A new study has found “no ‘systematic evidence’ that funds with dedicated CIOs perform any better than endowments without dedicated CIOs.” This according to a recent article in Institutional Investor.
The study, which “examined characteristics linked to higher returns at nonprofit endowment funds,” also found that compensation for CIOs was unrelated to returns. What does matter, however, is fund size: Endowment funds larger than $100 million on average delivered net annual returns of 7.6 percent, while fund under $1 million fund earned 3.8 percent annually. The difference, the study found, was almost entirely driven by asset allocation decisions, with larger endowments and foundations tending to invest more in “riskier, higher-returning assets.”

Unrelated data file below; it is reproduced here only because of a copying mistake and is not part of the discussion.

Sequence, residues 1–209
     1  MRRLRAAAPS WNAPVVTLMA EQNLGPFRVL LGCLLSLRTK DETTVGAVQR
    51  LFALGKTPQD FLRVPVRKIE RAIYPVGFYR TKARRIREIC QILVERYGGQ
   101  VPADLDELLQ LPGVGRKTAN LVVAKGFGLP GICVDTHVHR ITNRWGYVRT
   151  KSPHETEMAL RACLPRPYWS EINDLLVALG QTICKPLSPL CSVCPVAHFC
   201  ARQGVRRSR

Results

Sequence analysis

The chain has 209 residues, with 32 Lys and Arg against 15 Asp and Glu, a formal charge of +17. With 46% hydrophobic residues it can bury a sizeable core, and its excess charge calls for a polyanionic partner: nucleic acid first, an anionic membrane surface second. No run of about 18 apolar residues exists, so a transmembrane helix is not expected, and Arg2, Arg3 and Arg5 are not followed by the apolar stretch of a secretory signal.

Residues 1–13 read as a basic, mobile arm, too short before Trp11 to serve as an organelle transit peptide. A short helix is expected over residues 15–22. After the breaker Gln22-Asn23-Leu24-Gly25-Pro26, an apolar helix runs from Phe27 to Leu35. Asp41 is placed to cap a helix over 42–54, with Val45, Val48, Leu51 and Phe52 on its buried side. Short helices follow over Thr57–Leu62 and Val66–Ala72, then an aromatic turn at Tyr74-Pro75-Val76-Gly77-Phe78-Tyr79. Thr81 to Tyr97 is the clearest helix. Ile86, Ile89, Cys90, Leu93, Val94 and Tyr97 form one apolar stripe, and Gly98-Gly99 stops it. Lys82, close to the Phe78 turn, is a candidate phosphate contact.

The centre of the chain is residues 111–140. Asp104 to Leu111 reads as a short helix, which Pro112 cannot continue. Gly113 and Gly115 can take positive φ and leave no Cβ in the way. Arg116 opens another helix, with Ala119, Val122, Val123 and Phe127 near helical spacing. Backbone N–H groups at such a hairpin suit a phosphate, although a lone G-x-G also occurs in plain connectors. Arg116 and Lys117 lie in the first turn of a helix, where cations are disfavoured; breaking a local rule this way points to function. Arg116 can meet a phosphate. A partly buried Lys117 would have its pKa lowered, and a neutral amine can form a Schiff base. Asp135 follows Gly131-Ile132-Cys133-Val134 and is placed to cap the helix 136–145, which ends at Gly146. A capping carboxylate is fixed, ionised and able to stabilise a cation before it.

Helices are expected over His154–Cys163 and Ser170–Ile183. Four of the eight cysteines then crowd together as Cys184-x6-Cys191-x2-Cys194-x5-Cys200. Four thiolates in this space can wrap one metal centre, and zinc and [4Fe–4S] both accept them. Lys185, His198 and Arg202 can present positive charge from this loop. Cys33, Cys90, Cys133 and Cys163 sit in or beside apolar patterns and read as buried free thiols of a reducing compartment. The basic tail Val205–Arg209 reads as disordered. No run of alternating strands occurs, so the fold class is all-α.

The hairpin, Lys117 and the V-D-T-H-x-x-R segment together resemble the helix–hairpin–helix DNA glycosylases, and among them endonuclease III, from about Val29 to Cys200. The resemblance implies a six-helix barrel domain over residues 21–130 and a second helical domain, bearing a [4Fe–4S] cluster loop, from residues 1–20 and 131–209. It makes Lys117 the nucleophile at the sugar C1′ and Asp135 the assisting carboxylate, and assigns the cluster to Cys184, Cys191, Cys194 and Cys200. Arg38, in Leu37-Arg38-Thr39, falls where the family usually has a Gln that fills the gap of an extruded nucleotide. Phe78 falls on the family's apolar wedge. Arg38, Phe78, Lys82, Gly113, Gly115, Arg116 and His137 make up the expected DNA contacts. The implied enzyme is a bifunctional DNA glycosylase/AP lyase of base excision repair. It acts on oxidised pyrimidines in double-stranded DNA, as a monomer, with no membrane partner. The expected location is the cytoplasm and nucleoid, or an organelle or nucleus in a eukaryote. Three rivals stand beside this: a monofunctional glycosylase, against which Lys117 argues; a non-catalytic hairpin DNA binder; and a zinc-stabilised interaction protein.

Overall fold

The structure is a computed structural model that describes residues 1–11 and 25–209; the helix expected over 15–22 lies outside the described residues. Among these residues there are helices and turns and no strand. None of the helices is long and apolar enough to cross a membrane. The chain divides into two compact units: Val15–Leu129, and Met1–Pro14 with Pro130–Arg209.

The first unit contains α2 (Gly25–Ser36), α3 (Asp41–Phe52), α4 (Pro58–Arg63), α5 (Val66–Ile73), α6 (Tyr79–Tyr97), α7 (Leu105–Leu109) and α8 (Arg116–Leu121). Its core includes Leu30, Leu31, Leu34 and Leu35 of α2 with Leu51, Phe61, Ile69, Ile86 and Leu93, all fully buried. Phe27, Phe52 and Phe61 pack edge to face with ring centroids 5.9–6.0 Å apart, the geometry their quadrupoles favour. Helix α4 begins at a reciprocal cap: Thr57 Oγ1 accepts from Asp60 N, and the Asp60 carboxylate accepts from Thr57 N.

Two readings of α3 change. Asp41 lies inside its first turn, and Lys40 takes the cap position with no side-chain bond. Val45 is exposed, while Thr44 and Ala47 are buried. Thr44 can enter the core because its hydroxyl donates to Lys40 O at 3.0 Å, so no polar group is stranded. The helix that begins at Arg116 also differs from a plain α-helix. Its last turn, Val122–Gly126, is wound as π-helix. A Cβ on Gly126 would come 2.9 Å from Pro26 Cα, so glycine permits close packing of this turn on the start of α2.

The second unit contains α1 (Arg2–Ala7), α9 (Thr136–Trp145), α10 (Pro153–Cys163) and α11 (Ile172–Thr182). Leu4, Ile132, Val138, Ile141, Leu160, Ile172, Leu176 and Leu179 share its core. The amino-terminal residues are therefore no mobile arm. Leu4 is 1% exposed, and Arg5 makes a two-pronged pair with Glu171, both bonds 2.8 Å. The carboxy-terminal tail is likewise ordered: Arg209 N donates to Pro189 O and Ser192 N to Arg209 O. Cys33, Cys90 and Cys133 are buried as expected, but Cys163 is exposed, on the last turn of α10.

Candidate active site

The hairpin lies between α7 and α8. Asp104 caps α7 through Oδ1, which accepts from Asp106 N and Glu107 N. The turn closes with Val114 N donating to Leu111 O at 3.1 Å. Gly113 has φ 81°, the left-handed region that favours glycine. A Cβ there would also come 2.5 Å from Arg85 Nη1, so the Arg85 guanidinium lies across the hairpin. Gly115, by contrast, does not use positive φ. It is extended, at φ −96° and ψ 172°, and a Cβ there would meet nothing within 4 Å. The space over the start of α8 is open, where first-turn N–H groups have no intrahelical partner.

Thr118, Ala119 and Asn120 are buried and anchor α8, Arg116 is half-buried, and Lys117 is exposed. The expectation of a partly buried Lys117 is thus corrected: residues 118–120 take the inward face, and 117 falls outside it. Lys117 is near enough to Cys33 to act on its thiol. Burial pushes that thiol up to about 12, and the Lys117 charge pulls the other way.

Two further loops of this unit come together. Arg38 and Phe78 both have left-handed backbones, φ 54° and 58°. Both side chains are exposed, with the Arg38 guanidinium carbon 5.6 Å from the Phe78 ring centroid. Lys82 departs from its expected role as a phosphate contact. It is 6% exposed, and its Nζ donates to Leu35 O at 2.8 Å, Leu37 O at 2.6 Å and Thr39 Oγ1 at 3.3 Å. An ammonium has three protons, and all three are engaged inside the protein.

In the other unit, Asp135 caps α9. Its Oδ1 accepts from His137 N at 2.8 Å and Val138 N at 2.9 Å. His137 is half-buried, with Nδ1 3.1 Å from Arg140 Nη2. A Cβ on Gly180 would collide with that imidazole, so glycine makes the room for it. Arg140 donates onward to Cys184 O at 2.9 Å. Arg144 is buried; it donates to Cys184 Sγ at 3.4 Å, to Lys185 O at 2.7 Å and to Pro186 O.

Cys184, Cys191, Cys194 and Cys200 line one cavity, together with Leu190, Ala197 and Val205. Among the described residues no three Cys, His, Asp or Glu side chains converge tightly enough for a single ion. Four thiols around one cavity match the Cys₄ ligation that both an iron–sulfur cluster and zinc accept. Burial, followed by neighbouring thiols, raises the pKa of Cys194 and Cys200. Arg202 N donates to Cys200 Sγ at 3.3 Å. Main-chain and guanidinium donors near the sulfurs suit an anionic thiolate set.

The researchers also found that expenses and governance structures drove performance, with independent boards linked to higher returns and higher administrative and travel expenses associated with poorer performance.
Although CIO compensation did not seem to impact fund performance, the study found that compensation for nonprofit CEOs, officers and directors had strong positive correlation with endowment returns. The study also found that health care and hospital funds showed weaker performance than foundations focused on the arts, the environment, and human services.